In determining the base offense level for a drug offense under the Sentencing Guidelines, the sentencing court may consider "the total quantity of drugs that were part of the same course of conduct or part of a common scheme or plan as the count of conviction." Coleman, 947 F.2d at 1427, quoting Poole, 929 F.2d at 1483. Quantities of drugs involved in a crime but not contained in the count of conviction may also be considered in determining the base offense level. United States Sentencing Commission, Guidelines Manual, § 2D1.1 comment. (n. 12) (Nov. 1989); United States v. Ware, 897 F.2d 1538, 1542-43 (10th Cir.), cert. denied, --- U.S. ----, 110 S. Ct. 2629 (1990). A member of the ongoing conspiracy is subject to a sentence calculated on a base offense level determined not by the quantity of drugs he personally handled, but by the actual quantity of drugs involved in the conspiracy provided he knew or should have known that at least such amount was involved. United States v. Williams, 897 F.2d 1034, 1041 (10th Cir.), cert. denied, --- U.S. ----, 111 S. Ct. 2064 (1990).
At the sentencing hearing on December 7, 1991, the United States presented evidence as to Burton's association with Kettner and the quantity of cocaine attributable to Burton. Testimony at the sentencing hearing indicated that Bob Ford, Sr. and Connie Ford had been distributing cocaine to several individuals, including Kettner and Burton. The evidence indicated that Burton and Kettner were both involved in distributing cocaine in the Wichita, Kansas area. Burton admitted to trading cocaine back and forth with Kettner. Burton had received cocaine from Kettner in the past, but in more recent years Burton received cocaine from the Fords and distributed it to Kettner, who then sold it to his customers. Because Kettner began having financial problems, Burton became financially responsible to the Fords for some of Kettner's drug debts. Burton and Kettner were arrested together while attempting to acquire twenty (20) ounces of cocaine. Burton pled guilty to a conspiracy charge that specifically involved Kettner.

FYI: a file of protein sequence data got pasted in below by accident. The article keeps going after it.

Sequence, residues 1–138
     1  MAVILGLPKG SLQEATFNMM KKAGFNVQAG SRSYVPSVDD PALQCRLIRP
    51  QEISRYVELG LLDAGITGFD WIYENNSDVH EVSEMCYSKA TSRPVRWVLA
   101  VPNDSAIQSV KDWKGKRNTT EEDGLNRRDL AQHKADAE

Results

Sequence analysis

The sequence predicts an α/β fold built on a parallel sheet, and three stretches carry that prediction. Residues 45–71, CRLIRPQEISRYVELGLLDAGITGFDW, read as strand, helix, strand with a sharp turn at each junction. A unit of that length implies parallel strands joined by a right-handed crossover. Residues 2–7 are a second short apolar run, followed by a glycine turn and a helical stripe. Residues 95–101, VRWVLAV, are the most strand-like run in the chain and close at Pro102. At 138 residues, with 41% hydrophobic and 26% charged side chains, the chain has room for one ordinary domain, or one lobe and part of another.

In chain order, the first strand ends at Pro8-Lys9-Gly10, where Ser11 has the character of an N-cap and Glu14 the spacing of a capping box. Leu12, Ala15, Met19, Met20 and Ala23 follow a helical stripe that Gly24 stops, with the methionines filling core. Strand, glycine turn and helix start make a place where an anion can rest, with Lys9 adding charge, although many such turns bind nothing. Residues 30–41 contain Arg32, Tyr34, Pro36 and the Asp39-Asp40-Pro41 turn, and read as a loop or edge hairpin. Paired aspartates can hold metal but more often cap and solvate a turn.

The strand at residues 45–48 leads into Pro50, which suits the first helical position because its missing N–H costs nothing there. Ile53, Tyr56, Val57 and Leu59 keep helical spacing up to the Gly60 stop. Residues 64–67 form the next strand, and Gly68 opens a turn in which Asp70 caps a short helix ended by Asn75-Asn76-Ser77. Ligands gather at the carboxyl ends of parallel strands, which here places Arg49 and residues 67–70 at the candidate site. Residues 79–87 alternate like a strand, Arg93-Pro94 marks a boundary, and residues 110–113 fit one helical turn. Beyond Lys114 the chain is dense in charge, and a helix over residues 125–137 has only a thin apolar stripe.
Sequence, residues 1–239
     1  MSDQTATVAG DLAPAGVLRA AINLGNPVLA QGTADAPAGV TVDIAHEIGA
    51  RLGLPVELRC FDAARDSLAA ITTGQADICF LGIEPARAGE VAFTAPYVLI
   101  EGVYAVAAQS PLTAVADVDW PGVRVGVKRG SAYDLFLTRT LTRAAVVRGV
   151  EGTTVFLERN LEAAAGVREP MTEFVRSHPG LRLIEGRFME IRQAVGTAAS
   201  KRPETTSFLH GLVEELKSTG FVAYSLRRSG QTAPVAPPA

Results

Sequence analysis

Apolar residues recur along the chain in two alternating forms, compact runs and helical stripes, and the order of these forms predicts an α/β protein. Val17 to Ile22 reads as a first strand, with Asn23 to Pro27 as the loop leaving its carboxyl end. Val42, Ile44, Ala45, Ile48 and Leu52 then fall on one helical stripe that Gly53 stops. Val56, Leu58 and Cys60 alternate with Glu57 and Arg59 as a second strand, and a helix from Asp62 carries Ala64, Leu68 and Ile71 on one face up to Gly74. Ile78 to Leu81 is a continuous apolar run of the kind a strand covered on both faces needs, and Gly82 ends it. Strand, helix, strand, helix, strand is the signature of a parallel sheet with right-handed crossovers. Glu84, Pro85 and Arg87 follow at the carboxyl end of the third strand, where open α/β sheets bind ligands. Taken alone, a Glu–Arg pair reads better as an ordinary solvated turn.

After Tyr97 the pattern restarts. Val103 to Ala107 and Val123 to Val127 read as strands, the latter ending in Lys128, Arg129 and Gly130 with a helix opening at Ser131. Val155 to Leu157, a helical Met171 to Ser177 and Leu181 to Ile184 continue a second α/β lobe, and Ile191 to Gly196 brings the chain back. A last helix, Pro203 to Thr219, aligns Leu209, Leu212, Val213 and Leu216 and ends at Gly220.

Connie Ford testified at the sentencing hearing regarding the written records she kept of the quantities of cocaine received by Burton. Her records indicated that 11.6 kilograms had been distributed to Burton. She testified as to how she acquired and maintained the information in her records and what her codes meant. Although there was other evidence that conflicted with Connie Ford's records, the district court found her to be a "very credible witness" and had "no reason at all to doubt her testimony." (Transcript of sentencing hearing p. 112). The district court found that Connie Ford kept precise and contemporaneous records and that "her memory was very good in regard to the transactions." (Transcript of sentencing hearing p. 112).